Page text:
Highland Council: don't risk the wildlife of the Ness with concrete "public art"

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The Highland Council, without even discussing the matter at a planning committee meeting, has just approved plans which will change an almost unspoilt stretch of the River Ness where a range wildlife - including some protected species including otters and bats - currently live and feed.

The Council wants to install a large "public art" installation, which looks uncannily like a wall and which will be made of reinforced concrete, on the river bank close to the Fishermen's Hut. A smaller installation is to go on the Ness Islands on the opposite bank.

No environmental impact assessment has been carried out to find out about the wildlife living there or how they might be affected. No-one has looked at the significance of wild plants and trees currently there and due to be removed. No-one has looked at the the possible impact of sinking 10m deep reinforced concrete piles into the riverbank in terms of possible effects on the quality of river water.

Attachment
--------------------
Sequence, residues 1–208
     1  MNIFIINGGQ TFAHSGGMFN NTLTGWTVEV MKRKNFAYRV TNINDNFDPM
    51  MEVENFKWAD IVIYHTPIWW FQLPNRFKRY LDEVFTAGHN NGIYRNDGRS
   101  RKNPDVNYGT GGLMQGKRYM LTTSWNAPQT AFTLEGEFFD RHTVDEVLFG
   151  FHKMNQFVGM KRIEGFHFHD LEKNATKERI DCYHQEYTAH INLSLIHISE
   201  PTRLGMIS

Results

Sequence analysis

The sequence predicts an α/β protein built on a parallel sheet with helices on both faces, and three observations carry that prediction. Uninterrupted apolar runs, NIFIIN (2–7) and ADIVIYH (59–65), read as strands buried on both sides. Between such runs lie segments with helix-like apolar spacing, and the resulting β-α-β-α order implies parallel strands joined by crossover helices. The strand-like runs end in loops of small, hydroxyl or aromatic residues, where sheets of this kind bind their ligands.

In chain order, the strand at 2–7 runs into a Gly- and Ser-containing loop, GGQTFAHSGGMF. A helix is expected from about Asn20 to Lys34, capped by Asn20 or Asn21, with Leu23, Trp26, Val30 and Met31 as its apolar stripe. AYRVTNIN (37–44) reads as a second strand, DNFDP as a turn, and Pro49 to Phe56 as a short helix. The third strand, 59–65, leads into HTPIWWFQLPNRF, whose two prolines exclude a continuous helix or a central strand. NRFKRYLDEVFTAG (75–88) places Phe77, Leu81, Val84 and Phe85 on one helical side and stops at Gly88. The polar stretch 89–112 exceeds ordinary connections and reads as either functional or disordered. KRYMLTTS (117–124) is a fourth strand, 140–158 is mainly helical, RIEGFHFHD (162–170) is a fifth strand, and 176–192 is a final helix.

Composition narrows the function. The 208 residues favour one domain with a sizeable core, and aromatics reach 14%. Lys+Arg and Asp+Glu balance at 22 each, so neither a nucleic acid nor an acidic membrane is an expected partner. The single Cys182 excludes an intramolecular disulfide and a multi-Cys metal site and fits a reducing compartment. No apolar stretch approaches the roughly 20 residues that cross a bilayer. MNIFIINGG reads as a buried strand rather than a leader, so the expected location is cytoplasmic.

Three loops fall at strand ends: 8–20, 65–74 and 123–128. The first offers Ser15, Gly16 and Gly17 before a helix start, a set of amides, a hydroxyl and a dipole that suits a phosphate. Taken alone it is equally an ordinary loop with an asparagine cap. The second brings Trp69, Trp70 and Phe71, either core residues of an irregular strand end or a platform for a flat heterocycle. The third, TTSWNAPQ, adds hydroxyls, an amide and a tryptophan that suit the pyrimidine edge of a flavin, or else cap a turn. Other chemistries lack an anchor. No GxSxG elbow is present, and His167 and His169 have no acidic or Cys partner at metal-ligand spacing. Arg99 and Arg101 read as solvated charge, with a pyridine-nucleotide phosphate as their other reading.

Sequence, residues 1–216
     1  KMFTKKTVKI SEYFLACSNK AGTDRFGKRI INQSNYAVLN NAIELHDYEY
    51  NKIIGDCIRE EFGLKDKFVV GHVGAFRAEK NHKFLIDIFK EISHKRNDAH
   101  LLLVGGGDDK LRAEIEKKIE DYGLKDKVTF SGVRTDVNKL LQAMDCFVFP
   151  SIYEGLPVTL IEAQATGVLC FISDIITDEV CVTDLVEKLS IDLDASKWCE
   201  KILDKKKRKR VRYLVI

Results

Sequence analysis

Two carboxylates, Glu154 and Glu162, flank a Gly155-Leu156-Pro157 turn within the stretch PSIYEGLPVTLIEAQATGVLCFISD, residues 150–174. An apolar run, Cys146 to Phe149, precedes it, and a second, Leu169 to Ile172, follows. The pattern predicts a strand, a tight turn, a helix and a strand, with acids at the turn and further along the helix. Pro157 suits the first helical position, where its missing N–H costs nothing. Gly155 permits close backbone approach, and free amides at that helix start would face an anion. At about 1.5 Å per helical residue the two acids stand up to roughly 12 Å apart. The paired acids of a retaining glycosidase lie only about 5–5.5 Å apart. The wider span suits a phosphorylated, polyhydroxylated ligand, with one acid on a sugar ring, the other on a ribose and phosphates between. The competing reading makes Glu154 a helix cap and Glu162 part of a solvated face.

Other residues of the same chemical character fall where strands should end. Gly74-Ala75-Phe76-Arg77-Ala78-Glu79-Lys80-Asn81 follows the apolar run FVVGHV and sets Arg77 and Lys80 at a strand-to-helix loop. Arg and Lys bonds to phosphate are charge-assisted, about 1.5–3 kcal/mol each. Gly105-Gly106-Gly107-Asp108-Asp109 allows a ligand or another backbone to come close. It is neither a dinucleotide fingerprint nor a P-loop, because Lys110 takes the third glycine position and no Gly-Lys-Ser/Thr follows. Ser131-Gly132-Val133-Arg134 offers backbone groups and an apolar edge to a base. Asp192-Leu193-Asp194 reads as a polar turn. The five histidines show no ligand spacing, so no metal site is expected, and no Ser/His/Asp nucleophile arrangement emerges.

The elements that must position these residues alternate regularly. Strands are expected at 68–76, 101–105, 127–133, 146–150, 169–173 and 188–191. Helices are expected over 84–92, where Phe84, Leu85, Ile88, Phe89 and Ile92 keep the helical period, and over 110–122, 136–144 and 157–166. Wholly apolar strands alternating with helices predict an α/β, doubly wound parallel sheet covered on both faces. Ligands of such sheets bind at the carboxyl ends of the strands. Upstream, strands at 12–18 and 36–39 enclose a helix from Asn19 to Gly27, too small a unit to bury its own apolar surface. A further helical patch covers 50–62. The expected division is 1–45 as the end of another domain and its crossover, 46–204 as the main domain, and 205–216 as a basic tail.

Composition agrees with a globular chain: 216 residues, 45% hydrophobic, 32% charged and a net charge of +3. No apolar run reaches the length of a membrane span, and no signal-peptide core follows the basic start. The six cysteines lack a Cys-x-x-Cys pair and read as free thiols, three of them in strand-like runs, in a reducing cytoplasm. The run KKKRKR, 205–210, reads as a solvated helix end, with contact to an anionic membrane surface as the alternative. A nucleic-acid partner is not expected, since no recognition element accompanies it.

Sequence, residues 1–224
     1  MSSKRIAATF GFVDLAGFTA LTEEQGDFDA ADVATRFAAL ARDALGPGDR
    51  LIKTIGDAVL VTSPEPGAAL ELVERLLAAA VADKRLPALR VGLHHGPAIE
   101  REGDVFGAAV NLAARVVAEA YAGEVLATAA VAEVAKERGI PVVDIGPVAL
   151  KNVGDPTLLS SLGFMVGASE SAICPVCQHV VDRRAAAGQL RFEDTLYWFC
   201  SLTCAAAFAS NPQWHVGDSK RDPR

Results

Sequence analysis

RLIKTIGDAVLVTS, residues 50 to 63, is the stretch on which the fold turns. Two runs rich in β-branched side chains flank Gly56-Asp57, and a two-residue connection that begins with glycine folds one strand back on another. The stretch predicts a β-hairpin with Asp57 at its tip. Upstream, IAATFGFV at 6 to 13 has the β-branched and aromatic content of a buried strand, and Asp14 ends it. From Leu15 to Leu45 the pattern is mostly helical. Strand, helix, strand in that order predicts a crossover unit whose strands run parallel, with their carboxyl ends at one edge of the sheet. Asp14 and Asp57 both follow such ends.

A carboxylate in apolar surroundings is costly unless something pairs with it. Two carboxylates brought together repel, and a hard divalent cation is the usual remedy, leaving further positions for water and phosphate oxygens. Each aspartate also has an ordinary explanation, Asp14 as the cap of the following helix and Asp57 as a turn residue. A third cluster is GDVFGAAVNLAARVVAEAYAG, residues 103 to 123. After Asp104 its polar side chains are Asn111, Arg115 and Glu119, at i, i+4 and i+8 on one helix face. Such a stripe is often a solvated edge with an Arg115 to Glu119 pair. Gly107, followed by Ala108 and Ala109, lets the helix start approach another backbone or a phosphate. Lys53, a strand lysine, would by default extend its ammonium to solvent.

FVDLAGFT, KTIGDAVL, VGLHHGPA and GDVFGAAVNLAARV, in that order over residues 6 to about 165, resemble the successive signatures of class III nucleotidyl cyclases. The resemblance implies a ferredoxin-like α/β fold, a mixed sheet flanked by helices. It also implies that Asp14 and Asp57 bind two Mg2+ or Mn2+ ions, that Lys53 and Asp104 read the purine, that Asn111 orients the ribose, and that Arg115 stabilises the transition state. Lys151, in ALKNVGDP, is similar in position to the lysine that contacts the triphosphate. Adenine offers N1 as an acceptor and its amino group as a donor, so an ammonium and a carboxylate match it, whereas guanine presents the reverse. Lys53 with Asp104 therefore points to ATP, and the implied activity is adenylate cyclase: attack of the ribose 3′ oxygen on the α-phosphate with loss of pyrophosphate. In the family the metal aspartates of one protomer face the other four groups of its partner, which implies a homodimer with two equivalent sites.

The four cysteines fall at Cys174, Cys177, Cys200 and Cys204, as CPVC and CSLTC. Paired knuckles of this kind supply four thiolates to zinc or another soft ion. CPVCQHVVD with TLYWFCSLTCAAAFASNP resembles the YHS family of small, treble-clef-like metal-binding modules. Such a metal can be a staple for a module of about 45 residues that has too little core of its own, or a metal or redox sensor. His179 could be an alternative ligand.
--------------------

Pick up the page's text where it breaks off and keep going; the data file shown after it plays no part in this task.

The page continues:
Instead, officials have decided that no environmental assessment is needed, and have treated the application as a delegated matter, meaning that it doesn't have to be discussed in public at a planning committee meeting.

The existing Fishermen's Hut will have to be removed to make way; apparently the cost of replacing it is put at £50,000. Who will pay for the replacement is not clear.

No consultation has ever taken place in Ballifeary (the area in which the installations are to be located) about what should be created or where it should go.

Is this the way to make decisions affecting precious wild space and wildlife on the River Ness?  Is this the way to spend Inverness Common Good and other public money?

If you are concerned about how this matter has been handled by the Highland Council, and think that the application should be discussed openly and publicly by the City of Inverness and Area Planning Committee, with all the necessary impact information available, please sign this petition.